Chair Up

Portable chairs these days are of a kind: metal rods supporting a hammock seat and back, designed to collapse and fit in a tubular cloth bag. It’s been impossible to find those web chairs, strips of woven plastic interlaced on a frame of light aluminum tubing; it just folds for transport. Web chairs are more comfortable and to me about even in carrying convenience: their light weight counters the heavier but smaller package made by the hammock chairs.

That’s before a recent trip to Sam’s Club. Weighing in at 37 pounds is the Kingpin Chair. While the box has a picture of a couple of people sitting on it side by side, it’s not sofa-shaped but surely intended for a plus-sized person.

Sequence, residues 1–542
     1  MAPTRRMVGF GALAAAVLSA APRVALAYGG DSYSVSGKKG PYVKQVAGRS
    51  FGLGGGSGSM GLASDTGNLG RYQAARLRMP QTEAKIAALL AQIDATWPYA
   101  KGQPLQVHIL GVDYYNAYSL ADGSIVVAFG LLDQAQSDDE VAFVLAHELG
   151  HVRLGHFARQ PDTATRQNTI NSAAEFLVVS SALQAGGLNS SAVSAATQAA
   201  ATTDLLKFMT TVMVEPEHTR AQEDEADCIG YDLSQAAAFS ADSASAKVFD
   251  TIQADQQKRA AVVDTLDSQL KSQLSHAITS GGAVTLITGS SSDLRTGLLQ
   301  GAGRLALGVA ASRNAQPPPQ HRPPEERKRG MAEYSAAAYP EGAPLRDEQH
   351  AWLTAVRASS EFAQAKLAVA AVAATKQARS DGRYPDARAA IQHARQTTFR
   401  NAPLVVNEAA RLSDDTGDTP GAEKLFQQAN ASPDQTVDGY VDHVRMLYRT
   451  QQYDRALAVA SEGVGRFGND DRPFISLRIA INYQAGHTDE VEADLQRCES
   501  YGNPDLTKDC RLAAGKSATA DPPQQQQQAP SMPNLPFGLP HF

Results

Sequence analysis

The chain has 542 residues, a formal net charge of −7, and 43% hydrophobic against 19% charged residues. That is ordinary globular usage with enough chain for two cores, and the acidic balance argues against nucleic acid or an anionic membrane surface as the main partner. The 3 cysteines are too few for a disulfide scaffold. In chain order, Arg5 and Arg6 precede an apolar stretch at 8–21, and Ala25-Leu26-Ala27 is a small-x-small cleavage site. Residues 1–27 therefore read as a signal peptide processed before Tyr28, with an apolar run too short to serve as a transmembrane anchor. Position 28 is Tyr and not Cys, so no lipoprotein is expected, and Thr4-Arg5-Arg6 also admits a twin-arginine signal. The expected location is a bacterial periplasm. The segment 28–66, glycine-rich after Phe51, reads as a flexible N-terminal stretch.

No photo here because it’s a proprietary item. Click here for Amazon’s photo and description. At Sam’s Club it cost a bit over $100.

The intent here is not to mock big folks. On recent visits to hospitals I’ve spotted at the doors of the emergency room a several wheelchairs, as always. Among them now sit several extra-wide models. This is a fact of current American life.

Something here is worthy of mockery, the cynicism of the manufacturer, seen by the name but mainly on the arm rests. The new style portable chair often has a fabric cup holder sewn in. The KingPin Chair has six cup holders, three on each arm.

Thinking about a half-dozen cans or bottles lined up at either elbow makes me need to stop typing and head to the little boys’ room.

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